So often people write on blogs and tell us priests, “Why don’t the Bishops speak out?”  We’ll my Bishop does, and, I thought you would all enjoy my bishops response to Congressman Patrick Kennedy.  Patrick is the son of the late Senator Ted Kennedy.

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Dear Congressman Kennedy:

“The fact that I disagree with the hierarchy on some issues does not make me any less of a Catholic.” (Congressman Patrick Kennedy)

Since our recent correspondence has been rather public, I hope you don’t mind if I share a few reflections about your practice of the faith in this public forum. I usually wouldn’t do that – that is speak about someone’s faith in a public setting – but in our well-documented exchange of letters about health care and abortion, it has emerged as an issue. I also share these words publicly with the thought that they might be instructive to other Catholics, including those in prominent positions of leadership.

For the moment I’d like to set aside the discussion of health care reform, as important and relevant as it is, and focus on one statement contained in your letter of October 29, 2009, in which you write, “The fact that I disagree with the hierarchy on some issues does not make me any less of a Catholic.” That sentence certainly caught my attention and deserves a public response, lest it go unchallenged and lead others to believe it’s true. And it raises an important question: What does it mean to be a Catholic?

“The fact that I disagree with the hierarchy on some issues does not make me any less of a Catholic.” Well, in fact, Congressman, in a way it does. Although I wouldn’t choose those particular words, when someone rejects the teachings of the Church, especially on a grave matter, a life-and-death issue like abortion, it certainly does diminish their ecclesial communion, their unity with the Church. This principle is based on the Sacred Scripture and Tradition of the Church and is made more explicit in recent documents.

For example, the “Code of Canon Law” says, “Lay persons are bound by an obligation and possess the right to acquire a knowledge of Christian doctrine adapted to their capacity and condition so that they can live in accord with that doctrine.” (Canon 229, #1)

The “Catechism of the Catholic Church” says this: “Mindful of Christ’s words to his apostles, ‘He who hears you, hears me,’ the faithful receive with docility the teaching and directives that their pastors give them in different forms.” (#87)

Or consider this statement of the Church: “It would be a mistake to confuse the proper autonomy exercised by Catholics in political life with the claim of a principle that prescinds from the moral and social teaching of the Church.” (Congregation for the Doctrine of the Faith, 2002)

There’s lots of canonical and theological verbiage there, Congressman, but what it means is that if you don’t accept the teachings of the Church your communion with the Church is flawed, or in your own words, makes you “less of a Catholic.”

But let’s get down to a more practical question; let’s approach it this way: What does it mean, really, to be a Catholic? After all, being a Catholic has to mean something, right?

Well, in simple terms – and here I refer only to those more visible, structural elements of Church membership – being a Catholic means that you’re part of a faith community that possesses a clearly defined authority and doctrine, obligations and expectations. It means that you believe and accept the teachings of the Church, especially on essential matters of faith and morals; that you belong to a local Catholic community, a parish; that you attend Mass on Sundays and receive the sacraments regularly; that you support the Church, personally, publicly, spiritually and financially.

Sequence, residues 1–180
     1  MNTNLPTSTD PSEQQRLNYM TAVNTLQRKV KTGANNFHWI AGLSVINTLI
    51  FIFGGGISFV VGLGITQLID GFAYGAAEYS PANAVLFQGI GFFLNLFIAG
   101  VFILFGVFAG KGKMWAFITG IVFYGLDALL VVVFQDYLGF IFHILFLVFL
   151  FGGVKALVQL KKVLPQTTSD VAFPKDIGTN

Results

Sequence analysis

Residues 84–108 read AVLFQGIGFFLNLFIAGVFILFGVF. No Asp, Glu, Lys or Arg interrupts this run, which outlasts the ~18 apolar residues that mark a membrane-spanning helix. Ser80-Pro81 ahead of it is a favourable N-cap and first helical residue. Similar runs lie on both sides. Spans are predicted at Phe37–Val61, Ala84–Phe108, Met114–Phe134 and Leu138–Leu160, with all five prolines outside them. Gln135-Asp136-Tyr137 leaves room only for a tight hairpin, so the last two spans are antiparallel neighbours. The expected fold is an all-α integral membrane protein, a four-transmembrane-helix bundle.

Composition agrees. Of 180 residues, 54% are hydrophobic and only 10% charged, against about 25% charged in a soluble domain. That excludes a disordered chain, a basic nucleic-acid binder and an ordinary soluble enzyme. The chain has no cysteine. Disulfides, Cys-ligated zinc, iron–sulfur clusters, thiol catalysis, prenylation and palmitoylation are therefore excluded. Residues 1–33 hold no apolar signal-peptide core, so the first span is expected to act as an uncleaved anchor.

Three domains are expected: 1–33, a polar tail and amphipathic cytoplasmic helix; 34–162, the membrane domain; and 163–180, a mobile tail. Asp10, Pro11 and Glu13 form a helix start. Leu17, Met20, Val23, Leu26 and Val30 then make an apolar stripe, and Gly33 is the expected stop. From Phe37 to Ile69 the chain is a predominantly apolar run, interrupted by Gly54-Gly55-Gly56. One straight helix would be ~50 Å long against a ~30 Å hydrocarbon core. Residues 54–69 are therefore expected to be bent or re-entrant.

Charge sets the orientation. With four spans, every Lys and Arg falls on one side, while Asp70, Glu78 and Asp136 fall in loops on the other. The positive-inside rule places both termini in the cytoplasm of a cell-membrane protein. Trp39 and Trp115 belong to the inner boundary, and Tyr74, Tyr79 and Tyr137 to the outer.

Congressman, I’m not sure whether or not you fulfill the basic requirements of being a Catholic, so let me ask: Do you accept the teachings of the Church on essential matters of faith and morals, including our stance on abortion? Do you belong to a local Catholic community, a parish? Do you attend Mass on Sundays and receive the sacraments regularly? Do you support the Church, personally, publicly, spiritually and financially?

In your letter you say that you “embrace your faith.” Terrific. But if you don’t fulfill the basic requirements of membership, what is it exactly that makes you a Catholic? Your baptism as an infant? Your family ties? Your cultural heritage?

Your letter also says that your faith “acknowledges the existence of an imperfect humanity.” Absolutely true. But in confronting your rejection of the Church’s teaching, we’re not dealing just with “an imperfect humanity” – as we do when we wrestle with sins such as anger, pride, greed, impurity or dishonesty. We all struggle with those things, and often fail.

Your rejection of the Church’s teaching on abortion falls into a different category – it’s a deliberate and obstinate act of the will; a conscious decision that you’ve re-affirmed on many occasions. Sorry, you can’t chalk it up to an “imperfect humanity.” Your position is unacceptable to the Church and scandalous to many of our members. It absolutely diminishes your communion with the Church.

Congressman Kennedy, I write these words not to embarrass you or to judge the state of your conscience or soul. That’s ultimately between you and God. But your description of your relationship with the Church is now a matter of public record, and it needs to be challenged. I invite you, as your bishop and brother in Christ, to enter into a sincere process of discernment, conversion and repentance. It’s not too late for you to repair your relationship with the Church, redeem your public image, and emerge as an authentic “profile in courage,” especially by defending the sanctity of human life for all people, including unborn children. And if I can ever be of assistance as you travel the road of faith, I would be honored and happy to do so.

Sincerely yours,

Thomas J. Tobin
Bishop of Providence